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Creating Common Ground on Gun Control

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By Liam Madden

Part of my frustration with the gun control conversation is that liberals have their hearts in the right place but rarely know enough about guns to make effective policy. Banning assault weapons as a main strategy assumes there is a meaningful difference between what qualifies as an assault weapon and any other semi-automatic firearm. It feels like liberals hear ‘assault weapon’ and picture Rambo, but as a former Marine, I see that it is sadly true that most of the violent tragedies very easily could have been — or were — committed with firearms that don’t qualify as assault weapons. Therefore, what liberals hold as the beacon of good gun control policy — banning assault weapons — is not likely to achieve much else than pissing off conservatives.

As an independent, one who has at least some knowledge of firearms, although I haven’t owned a gun since I left the Marines, here is my offering to the policy conversation. Hopefully we can expand the framing of the debate to create some middle ground to actually move both parties into action:

1. Mentally ill people should have severe restrictions on firearm use.

2. Schools need former Marines guarding them. It’s a sad fact but the only thing that would make me feel safe with my children going to a school at this point. I don’t like the idea of militarizing schools, but I don’t see a near-term alternative that actually protects our most precious beings.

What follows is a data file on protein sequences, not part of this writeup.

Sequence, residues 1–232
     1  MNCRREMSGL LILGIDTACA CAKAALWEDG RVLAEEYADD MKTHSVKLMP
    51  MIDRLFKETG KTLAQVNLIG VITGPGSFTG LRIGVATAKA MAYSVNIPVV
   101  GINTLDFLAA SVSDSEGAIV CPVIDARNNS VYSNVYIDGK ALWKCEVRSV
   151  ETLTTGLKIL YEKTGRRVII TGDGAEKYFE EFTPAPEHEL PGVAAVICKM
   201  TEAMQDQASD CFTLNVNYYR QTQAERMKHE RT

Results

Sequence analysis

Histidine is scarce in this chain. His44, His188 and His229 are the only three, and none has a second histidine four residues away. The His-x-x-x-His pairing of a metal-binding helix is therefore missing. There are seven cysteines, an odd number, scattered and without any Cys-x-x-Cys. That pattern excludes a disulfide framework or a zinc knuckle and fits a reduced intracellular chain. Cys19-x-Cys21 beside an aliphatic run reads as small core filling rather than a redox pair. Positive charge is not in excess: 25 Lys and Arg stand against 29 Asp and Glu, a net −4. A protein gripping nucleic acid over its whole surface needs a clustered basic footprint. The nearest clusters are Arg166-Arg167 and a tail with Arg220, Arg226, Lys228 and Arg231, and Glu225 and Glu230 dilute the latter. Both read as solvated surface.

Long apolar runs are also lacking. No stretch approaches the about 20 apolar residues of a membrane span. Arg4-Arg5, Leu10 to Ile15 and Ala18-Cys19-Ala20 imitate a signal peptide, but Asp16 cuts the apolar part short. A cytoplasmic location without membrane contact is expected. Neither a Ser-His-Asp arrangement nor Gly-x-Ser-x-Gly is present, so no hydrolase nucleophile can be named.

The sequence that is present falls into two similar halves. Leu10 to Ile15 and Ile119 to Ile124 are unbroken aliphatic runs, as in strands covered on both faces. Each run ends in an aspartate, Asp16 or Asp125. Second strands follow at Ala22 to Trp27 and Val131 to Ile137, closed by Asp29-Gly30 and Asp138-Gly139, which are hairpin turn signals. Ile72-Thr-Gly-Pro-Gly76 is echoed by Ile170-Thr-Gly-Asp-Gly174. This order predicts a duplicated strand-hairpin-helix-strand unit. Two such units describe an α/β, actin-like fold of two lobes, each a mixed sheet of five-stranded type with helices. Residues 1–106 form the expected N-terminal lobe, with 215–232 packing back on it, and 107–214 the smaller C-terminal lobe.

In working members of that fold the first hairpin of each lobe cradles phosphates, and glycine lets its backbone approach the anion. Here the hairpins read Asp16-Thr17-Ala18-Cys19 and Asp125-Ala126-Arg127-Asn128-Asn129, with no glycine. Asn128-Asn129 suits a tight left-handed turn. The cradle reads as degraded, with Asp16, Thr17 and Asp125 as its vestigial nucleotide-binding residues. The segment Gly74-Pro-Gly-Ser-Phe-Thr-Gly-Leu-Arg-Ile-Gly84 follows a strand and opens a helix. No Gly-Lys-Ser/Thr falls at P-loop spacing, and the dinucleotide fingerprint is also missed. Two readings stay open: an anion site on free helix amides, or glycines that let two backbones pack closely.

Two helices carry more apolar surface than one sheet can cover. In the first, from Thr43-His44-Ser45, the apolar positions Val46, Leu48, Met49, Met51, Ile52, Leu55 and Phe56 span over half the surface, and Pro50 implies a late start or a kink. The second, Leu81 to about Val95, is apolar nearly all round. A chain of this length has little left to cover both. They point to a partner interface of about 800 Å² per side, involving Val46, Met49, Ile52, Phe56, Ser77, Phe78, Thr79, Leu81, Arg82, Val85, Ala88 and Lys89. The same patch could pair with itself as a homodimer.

3. The Second Amendment should remain intact — restricting gun ownership for 18–20 year olds, Vermont’s most recent measure, is unconstitutional. I’m not judging it as a bad idea, but I need to call a spade a spade. Nowhere in the Constitution does it say “the people, 21 or above” have the right to bear arms. If you can be drafted into military service, and have your income taxed, you are entitled to every constitutional right, and the state does not have the authority to abridge that right.

4. The Second Amendment refers to “a well regulated militia,” i.e., a community of people who impose discipline about the use of deadly force. That, to me, means that the RIGHT to bear arms comes with RESPONSIBILITY to bear arms as part of a community of ethics.

In practice, firearms for hunting or self defense (pistols) should be allowed in homes and personal lives. Firearms with military applications should not be allowed in homes unless people receive multiple references from a “local” community of ethics on firearms. In lieu of actual militias, we should be able to verify from among our community interactions who is responsible enough to privately keep a weapon with the capacity to cause mass violence.

5. Hunter-gatherers prevented sociopaths from destroying their cultures by having close relationships throughout the entire community. If we want to prevent more tragedies, our communities need to become strong enough where people who become dangerous get help way before they inflict harm. This is a systemic issue that needs a systemic response.

What made those-hunter gatherer communities work, in this respect, was total transparency. Everyone knew everything about everyone. It was impossible to hide malicious or dangerous habits. In our modern society, we can either achieve that total transparency with dystopian government surveillance, or, preferably, through strengthened local communities. In some respects, this kind of transparency, afforded by our small town networks, may be a reason we had a near miss of school violence in Montpelier last week, instead of a funeral. In the community-of-ethics scenario I outline above, I am clearly urging us toward the latter.

Liam Madden is an independent congressional candidate who formerly led Iraq Veterans Against the War and won M.I.T.’s Solve award for sustainability innovations.

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